13 October 2009


this morning i was browsing classical music on youtube, and by happy fortune came across a presentation i'd never seen before. in an orchestra, individual musicians play from their instrument's score (like a blueprint or set of instructions on which notes to play when, how loud and for how long). the orchestra's conductor directs from a master or full score, a complex assembly of all the individual instruments' parts. as you learn to read musical notation, it becomes as second nature as reading written language in a book, so much so that eventually you will be able to sight-read, i.e. glance at a score and know immediately what the notes, chords and intervals will sound like.

what i discovered is a variation on a conductor's master score. it is a video presentation, an intricate, dynamic musical animation of the delightful second movement of beethoven's symphony no. 2, the allegretto. what you will see is not notes, but rather a set of lines scrolling across the screen (not unlike a heart monitor), color-coded to each instrument in the orchestra -- in this case flutes, oboes, clarinets, bassoons, french horns (my instrument!!), trumpets, tympani and strings. each instrument's line ascends or descends with pitch, just like a the notes printed on a musical score do, and each line disappears when there is a rest (silence) for that instrument. the very cool thing is that you don't have to know a thing about musical notation to quickly learn how to read what is being played, and in fact to predict what is coming next. the presentation is straightforward and intuitive, and a lot of fun. you can close your eyes and sink into the music (i recomment this), or you can turn down the volume and imagine what is being played, then turn it up to see if your instinct is accurate. most instructive is to have both on, and simply enjoy.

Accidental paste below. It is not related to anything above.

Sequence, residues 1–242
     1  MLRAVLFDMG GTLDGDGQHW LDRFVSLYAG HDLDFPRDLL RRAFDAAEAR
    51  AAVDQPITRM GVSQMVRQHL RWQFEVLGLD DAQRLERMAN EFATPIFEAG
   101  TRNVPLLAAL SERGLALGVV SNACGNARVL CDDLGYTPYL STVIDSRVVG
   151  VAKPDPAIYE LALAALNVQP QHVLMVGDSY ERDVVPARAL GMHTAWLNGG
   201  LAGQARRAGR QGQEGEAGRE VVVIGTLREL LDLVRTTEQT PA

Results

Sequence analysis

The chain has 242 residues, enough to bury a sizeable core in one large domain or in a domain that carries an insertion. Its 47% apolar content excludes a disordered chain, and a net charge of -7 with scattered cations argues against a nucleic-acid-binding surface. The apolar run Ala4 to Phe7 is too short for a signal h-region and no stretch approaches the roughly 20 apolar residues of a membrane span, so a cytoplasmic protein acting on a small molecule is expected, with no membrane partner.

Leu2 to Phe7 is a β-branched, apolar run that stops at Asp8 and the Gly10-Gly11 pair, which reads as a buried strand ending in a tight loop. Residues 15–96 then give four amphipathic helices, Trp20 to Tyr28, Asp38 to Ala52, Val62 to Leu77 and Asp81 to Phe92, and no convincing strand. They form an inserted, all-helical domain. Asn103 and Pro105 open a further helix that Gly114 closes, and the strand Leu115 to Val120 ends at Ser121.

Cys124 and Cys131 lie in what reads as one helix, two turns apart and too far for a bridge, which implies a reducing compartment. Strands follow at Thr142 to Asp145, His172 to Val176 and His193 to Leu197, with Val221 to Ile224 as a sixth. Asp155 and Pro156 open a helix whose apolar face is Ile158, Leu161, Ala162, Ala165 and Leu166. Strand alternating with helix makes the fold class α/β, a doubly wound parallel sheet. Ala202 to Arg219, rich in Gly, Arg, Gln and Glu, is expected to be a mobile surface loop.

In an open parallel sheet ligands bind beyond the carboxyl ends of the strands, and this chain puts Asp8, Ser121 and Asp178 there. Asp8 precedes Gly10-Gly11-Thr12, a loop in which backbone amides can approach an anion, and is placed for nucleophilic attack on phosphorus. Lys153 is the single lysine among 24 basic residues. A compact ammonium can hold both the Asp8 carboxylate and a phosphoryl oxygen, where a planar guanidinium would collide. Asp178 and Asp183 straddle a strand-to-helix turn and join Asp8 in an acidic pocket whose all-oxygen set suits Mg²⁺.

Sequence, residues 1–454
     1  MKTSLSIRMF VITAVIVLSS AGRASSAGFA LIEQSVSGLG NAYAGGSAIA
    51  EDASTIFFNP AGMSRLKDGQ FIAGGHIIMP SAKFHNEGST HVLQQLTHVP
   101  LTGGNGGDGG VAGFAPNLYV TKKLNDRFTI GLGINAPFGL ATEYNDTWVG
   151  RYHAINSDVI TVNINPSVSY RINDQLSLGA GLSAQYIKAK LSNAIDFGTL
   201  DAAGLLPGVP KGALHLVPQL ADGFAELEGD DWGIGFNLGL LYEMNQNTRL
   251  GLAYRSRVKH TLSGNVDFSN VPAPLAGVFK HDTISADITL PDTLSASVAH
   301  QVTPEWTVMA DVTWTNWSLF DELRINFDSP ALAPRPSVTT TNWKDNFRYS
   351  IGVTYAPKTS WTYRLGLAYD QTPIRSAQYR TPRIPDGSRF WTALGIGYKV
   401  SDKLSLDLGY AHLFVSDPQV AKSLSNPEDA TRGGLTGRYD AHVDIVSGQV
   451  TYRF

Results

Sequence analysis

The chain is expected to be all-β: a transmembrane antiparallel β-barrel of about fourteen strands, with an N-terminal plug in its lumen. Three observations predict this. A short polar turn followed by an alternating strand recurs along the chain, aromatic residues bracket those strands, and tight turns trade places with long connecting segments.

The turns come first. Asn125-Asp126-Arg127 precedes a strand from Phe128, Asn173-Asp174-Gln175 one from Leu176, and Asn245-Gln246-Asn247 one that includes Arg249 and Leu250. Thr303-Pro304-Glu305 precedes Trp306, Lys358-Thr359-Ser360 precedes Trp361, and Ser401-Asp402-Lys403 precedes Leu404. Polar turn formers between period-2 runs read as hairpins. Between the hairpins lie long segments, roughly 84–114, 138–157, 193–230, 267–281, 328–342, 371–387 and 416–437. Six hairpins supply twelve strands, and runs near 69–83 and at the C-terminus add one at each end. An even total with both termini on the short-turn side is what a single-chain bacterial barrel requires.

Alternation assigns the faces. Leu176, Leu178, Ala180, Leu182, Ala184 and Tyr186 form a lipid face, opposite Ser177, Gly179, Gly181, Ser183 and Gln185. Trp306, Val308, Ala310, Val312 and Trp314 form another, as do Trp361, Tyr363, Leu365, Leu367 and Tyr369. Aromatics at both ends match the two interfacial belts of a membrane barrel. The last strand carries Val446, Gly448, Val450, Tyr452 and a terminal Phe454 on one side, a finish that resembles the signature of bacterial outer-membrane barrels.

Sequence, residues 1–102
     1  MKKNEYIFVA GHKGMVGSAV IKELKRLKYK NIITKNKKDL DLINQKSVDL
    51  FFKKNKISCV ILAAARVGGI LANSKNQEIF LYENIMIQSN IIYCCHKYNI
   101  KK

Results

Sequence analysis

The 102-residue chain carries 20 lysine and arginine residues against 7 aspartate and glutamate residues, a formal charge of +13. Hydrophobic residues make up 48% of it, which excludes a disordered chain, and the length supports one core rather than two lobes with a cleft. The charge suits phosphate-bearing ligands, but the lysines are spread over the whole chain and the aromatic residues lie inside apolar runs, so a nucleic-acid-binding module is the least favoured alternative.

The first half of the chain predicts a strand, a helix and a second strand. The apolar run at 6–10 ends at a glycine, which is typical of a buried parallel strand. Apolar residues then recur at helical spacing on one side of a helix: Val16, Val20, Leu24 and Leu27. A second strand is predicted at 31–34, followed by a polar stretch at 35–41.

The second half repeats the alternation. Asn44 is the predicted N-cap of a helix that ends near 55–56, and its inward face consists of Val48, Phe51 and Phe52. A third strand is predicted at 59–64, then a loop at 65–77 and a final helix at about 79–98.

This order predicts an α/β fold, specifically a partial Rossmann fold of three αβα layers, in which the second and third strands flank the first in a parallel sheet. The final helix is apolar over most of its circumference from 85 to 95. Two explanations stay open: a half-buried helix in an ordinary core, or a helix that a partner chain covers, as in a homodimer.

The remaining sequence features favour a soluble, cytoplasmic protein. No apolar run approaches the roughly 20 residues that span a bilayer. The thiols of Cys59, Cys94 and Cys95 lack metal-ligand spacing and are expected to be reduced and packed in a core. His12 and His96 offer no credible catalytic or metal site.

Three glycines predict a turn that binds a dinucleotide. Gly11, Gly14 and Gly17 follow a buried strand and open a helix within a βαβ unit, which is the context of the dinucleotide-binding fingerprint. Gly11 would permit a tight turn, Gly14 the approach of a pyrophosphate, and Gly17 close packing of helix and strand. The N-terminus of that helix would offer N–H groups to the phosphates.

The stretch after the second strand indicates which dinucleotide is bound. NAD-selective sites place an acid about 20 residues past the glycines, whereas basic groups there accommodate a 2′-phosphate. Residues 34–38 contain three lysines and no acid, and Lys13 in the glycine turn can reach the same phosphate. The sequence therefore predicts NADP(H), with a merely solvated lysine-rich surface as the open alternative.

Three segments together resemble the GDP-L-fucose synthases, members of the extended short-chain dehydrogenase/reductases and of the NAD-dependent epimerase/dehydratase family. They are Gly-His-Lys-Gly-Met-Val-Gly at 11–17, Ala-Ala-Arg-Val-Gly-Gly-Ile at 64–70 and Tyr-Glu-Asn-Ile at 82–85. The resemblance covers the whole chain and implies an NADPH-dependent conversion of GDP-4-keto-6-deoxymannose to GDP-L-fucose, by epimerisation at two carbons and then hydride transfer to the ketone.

try it -- you'll be amazed at how quickly your understanding of the interplay of voices is enhanced. the music comes alive to both your ears and your eyes. you'll be dazzled by the musical genius that created this tapestry of interweaving voices. beethoven was one of a small number of transformational giants in music history. he is one of the reasons that classical music has survived over the course of centuries, while less sophisticated forms appear and disappear like wraiths in the mist.

so -- sound turned up? at long last, here is the visual and audio performance of the exquisite second movement of his symphony no. 2, a piece i've listened to for decades, and of which i never tire.

No comments:

Post a Comment